Now we need options from which we can choose the values of CKSEL0 and SUT1 and SUT0. Here is the link-

If you look up the table, you will find a list of options for start up time and their corresponding bit value. I am choosing crystal oscillator with 65 millisecond start up delay time because i am using a cryatal oscillator here. So according to the table the CKSEL0 value will be 1 , SUT1 value will be 1 , and SUT0 value will be 1.
Since we are using crystal oscillator and start up time corresponding to the crytal oscillator, our CKSEL3-CKSEL0 values become 1111.

This completes our selecting options.

Step 6: Summing Up.

The previous step might look confusing and out of order but this step will give a clear picture of the whole process.

So what do we actually want to do?
We have a microcontroller(here Atmega 8). It runs on the default frequency it was shipped with. We want to run it on 16Mhz external crystal.
So what to do exactly? Only see and change fuse bit values. We should also not forget that 1 means unprogrammed and 0 means programmed.

Now, the chip is sitting with its default fuse byte configuration.

First of all we need to decide, how to run the microcontroller? For simplicity, lets take that we only have three options- external crystal, external resonator or internal oscillator.

We found out that crystal oscillator is a reliable time keeping sourceand we dont mind spending a little for two 22pf capacitors. Our choice is now clear, we want to run the avr chip with an external crystal.

But where to get the options for making the choice of external crystal oscillator?

The options are available at CKSEL3 to CKSEL0 in the Low fuse byte.
We looked up the table provided in the microcontroller's datasheet and found out that there is an option called cermaic resonator or crytal oscillator. We certainly want this, so we note down the bit values of CKSEL3-CKSEL0 associated with it.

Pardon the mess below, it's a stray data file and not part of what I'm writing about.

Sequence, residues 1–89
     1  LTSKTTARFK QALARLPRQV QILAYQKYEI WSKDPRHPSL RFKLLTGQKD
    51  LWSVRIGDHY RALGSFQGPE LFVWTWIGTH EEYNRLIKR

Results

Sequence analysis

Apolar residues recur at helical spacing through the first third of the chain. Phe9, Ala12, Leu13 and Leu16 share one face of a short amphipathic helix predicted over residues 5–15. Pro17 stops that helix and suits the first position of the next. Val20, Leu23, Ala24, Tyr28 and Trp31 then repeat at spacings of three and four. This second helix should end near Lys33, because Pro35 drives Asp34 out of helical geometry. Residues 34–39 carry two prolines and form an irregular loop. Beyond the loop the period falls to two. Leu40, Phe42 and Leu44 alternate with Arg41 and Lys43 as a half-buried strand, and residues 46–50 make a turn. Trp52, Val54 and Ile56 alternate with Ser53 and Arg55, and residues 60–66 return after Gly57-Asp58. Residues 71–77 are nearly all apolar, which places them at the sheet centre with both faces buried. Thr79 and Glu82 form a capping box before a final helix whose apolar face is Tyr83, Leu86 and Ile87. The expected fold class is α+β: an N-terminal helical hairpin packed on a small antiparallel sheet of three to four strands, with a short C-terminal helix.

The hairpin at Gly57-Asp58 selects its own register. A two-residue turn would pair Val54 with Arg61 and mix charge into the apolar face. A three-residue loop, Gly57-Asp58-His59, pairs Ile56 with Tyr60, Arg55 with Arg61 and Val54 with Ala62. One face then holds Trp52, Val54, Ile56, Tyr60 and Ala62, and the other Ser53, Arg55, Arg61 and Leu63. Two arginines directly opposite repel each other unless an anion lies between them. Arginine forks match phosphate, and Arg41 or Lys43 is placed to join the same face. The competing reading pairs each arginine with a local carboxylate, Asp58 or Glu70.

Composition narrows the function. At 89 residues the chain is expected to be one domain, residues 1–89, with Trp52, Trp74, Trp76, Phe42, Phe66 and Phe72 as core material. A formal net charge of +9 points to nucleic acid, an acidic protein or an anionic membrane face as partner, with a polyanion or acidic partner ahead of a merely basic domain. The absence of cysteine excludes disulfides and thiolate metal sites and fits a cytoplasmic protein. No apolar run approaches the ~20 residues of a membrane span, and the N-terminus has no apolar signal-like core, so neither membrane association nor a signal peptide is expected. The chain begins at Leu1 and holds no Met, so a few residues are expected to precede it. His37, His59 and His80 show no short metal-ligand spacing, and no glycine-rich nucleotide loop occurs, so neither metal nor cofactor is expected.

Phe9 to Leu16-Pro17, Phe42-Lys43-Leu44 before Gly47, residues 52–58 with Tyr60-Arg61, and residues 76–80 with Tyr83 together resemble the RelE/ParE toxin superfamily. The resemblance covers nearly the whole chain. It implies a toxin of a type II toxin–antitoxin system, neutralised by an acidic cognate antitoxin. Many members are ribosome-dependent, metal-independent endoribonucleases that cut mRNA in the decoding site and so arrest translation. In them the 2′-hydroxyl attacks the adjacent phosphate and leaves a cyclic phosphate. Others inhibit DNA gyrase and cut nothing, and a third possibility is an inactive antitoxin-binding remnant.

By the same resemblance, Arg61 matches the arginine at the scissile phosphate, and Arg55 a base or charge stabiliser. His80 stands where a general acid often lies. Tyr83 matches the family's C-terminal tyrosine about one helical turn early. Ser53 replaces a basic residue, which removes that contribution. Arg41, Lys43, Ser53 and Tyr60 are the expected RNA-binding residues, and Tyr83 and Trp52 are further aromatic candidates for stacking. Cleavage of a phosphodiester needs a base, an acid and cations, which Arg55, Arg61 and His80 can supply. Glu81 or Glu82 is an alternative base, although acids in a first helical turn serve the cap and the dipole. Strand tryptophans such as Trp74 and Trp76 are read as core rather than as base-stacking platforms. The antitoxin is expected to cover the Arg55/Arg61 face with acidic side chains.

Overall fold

Hmm, but there is a range of values for that, 1111-1010. Which one to specifically take? And how to specify the frequency of the crystal oscillator? Obviously there are many frequencies available for crystals, we want to run it only on 16Mhz.

For this, we look up at another table, containing the frequency and the recommended range of capacitors to be used with them.
In this table, we find that 16Mhz is greater that 1 Mhz so we choose that option. The bit value that was associated with CKOPT for our choice is 0 and along with that, we chose 111 for the values of CKSEL3-CKSEL1.

Now we are certain that we are running the avr chip with an external crytal of 16Mhz.

We just read an instructable about fuse bits and it talked of some start up time stuff which the crytal needs to warm up and start giving relaible signals.

How do we find it ?
We find it again in a table provided in the same instructable. Now this table contains CKSEL0 value and SUT1 and SUT0 value. We choose the option of start up time of 65 milliseconds and thus our corresponding bit values are CKSEL0 -1, SUT1- 1, SUT0- 1.

We thus successfully completed choosing the set of Low fuse byte.

Initially the high fuse byte setting was-

6)WDTON - 1
5)SPIEN -0
4)CKOPT -1
2)BOOTSZ1 -0
1)BOOTSZ0 -0

Now we have to change them to-

6)WDTON -1
5)SPIEN -0
4)CKOPT -0
2)BOOTSZ1 -0
1)BOOTSZ0 -0
That is 11001001 in binary or C9 in hexadecimal. We are only changing the CKOPT from 1 to 0, leaving all others untouched.

Now for the low fuse byte, intially it was-

6)BODEN -1
5)SUT1 -1
4)SUT0 -0
3)CKSEL3 -0
2)CKSEL2 -0
1)CKSEL1 -0
0) CKSEL0 -1

We are changing it to-

6)BODEN -1
5)SUT1 -1
4)SUT0 -1
3)CKSEL3 -1
2)CKSEL2 -1
1)CKSEL1 -1
0) CKSEL0 -1

That is 11111111 in binary or FF in hexadecimal.
Now since we are done doing evrything, we just need to burn these new settings in the microcontroller.
Using avrdude syntax, it should be-

avrdude -c usbasp -p m8 -U lfuse:w:0b11111111:m -U hfuse:w:0b11001001:m

But it is better to write this in hexadecimal, like-

avrdude -c usbasp -p m8 -U lfuse:w:0xff:m -U hfuse:w:0xC9:m

The default values for Atmega8 internal 1Mhz oscillator was-

avrdude -p atmega8 -c usbasp -U lfuse:w:0xE1:m -U hfuse:w:0xD9:m

Finally, the total procedure ends here. Though this does not completely explain about fuses and how to program them, this definately gives a rough idea for beginners on what are fuses and how they are to be handled.

Happy DIY-ing :)